When members of the Massachusetts legislature were looking for experts to help them understand the impact of prevention on health care and health care costs, they turned to UMass Medical School. For State Sen. Harriette Chandler, looking to UMMS was a natural choice. Being from Worcester, she’s familiar with the work that this institution has done to educate the community about the importance of prevention and the power of behavioral changes.
When she and State Rep. Jason Lewis began to investigate how to “create a ‘prevention culture’ in Massachusetts, where the prevention of disease and the promotion of health, based on the best scientific evidence, is a first priority . . .” they enlisted the expertise of Judy Ockene, PhD, MEd, MA, the Barbara Helen Smith Chair in Preventive & Behavioral Medicine, professor of medicine and chief of the Division of Preventive & Behavorial Medicine, and her colleagues to educate them about the power of prevention and to illustrate the real-world impact UMMS is having on helping people to change behaviors in order to improve health.
“I am so thrilled to be a part of this caucus, where it’s our goal to create a ‘culture of prevention’ in the commonwealth,” said Sen. Chandler. “It is often noted that Massachusetts has been a leader on health care, and by embracing this fresh approach through the Prevention for Health Caucus, we will make Massachusetts a leader once again in curbing unnecessary expenditures and encouraging healthy lifestyles.”
At the Prevention for Health Caucus kickoff at the State House in late March, Dr. Ockene delivered a evidence-based presentation on the importance of supporting prevention, which included statistics on the two leading preventable causes of death in the United States—tobacco use and obesity-related diseases—and a revealing juxtaposition of the factors that influence health and national health expenditures. Ockene also highlighted the fact that the most vulnerable populations in Massachusetts—those targeted by the Medical School in outreach and education programs—are also the most likely to be affected by the two leading causes of death.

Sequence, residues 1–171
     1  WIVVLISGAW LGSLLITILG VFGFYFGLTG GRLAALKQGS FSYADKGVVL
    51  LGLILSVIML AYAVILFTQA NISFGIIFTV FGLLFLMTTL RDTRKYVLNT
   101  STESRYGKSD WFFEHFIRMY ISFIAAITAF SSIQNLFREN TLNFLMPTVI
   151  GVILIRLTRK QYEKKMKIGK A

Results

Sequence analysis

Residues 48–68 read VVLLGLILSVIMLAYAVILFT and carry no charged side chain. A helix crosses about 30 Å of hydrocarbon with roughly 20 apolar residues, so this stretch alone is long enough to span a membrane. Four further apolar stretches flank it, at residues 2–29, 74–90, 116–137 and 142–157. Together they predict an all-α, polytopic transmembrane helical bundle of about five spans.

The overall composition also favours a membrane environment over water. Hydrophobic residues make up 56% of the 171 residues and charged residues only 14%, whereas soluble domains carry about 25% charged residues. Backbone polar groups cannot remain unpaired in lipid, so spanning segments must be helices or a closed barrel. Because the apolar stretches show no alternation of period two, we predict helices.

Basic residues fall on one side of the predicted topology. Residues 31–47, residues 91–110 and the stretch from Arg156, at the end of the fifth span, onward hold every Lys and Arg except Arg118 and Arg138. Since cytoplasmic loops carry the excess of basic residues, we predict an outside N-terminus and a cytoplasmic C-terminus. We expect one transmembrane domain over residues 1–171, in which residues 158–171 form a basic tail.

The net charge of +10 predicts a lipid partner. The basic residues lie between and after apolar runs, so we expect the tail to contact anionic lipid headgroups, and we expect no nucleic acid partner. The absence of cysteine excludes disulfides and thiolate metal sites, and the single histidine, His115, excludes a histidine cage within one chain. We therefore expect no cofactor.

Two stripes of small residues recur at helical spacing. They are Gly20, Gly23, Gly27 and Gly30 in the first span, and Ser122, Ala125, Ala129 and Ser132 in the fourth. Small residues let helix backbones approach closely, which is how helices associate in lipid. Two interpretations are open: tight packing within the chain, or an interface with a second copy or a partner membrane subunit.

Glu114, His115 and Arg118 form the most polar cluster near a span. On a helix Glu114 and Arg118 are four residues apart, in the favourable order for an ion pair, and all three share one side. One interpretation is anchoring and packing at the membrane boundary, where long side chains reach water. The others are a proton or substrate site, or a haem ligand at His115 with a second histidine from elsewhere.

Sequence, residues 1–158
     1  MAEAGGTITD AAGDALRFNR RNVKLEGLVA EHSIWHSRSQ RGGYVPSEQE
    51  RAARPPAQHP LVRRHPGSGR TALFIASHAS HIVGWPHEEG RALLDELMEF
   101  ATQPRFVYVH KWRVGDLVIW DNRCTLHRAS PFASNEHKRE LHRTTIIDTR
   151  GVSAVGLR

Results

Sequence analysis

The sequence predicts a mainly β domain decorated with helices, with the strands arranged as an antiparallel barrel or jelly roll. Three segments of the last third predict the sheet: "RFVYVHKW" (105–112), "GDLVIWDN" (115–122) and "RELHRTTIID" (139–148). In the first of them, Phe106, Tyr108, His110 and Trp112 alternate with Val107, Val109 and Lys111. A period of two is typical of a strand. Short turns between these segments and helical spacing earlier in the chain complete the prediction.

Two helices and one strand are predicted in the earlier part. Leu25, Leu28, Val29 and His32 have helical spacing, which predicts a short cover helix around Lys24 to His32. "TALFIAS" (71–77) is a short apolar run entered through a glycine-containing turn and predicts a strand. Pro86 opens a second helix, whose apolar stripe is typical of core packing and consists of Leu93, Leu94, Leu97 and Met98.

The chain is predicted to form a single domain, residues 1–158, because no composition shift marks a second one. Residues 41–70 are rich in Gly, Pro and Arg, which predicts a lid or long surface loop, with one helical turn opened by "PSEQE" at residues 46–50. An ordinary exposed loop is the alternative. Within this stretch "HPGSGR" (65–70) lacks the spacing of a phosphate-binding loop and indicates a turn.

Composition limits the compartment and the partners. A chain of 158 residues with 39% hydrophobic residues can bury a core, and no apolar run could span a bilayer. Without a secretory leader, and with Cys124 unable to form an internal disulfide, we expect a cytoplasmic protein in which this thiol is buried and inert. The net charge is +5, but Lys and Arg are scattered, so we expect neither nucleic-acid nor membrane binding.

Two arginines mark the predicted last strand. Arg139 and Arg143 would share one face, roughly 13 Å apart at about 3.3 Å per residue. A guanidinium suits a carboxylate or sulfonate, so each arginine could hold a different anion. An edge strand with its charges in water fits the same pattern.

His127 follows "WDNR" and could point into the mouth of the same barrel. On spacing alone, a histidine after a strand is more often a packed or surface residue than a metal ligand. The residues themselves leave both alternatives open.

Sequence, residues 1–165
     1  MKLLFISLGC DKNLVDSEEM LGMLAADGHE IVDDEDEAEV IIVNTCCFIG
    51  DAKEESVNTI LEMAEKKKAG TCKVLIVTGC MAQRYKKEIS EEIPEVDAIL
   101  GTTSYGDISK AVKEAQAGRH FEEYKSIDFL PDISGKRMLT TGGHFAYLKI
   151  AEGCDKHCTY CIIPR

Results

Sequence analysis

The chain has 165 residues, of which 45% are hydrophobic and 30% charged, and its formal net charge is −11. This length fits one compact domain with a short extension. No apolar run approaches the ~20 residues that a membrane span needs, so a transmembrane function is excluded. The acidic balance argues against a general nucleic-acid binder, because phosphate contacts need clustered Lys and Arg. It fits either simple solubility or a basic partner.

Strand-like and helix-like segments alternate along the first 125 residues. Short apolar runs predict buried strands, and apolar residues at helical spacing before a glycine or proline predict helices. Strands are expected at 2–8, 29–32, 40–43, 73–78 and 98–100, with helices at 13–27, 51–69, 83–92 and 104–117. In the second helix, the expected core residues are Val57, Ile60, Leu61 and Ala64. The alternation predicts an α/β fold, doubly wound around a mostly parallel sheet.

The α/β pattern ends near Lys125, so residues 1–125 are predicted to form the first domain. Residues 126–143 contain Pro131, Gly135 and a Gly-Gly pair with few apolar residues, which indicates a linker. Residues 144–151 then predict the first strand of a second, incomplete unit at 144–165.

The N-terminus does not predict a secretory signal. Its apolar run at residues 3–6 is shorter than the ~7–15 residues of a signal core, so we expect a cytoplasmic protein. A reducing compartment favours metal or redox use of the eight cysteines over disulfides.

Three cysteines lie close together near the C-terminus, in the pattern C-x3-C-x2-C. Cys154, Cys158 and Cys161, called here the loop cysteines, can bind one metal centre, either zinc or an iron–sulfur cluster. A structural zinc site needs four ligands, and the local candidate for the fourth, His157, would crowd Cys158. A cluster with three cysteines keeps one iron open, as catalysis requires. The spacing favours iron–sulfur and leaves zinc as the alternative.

“Massachusetts has led the nation in developing a mechanism for health care insurance for all,” noted Ockene. “We need to continue our leadership with the focus on prevention that can help decrease uncontrollable health care spending. Researchers at UMMS have contributed a great deal to the development of the prevention strategies articulated in the Affordable Care Act, March 2011. The Massachusetts prevention caucus initiated by Senator Chandler and Representative Lewis can help mobilize and reinforce our commonwealth’s prevention efforts so that every person has an opportunity to be healthy.”
One of the highlights of Ockene’s presentation was a map of Massachusetts marking the sites where UMMS is having an impact on reducing tobacco use and obesity, be it through partnerships with public health agencies, collaborations with clinical sites or educational programs in schools. The map was covered from Pittsfield to Yarmouth, Haverhill to New Bedford, by push pins indicating the Medical School’s presence in prevention programs.
Also presenting at the kickoff were JudyAnn Bigby, MD, secretary of Health and Human Services; John Auerbach, commissioner of the Massachusetts Department of Public Health; Kiane Mahaniah, MD, associate medical director of the Greater Lawrence Family Health Center, and Valerie Bassett, executive director of the Massachusetts Public Health Associations. Chandler and Lewis also spoke.
The Prevention for Health Caucus plans to continue to hold informational meetings to garner the support of House members to advocate for legislation and initiatives that place prevention at the forefront of public health. Its next meeting is in June.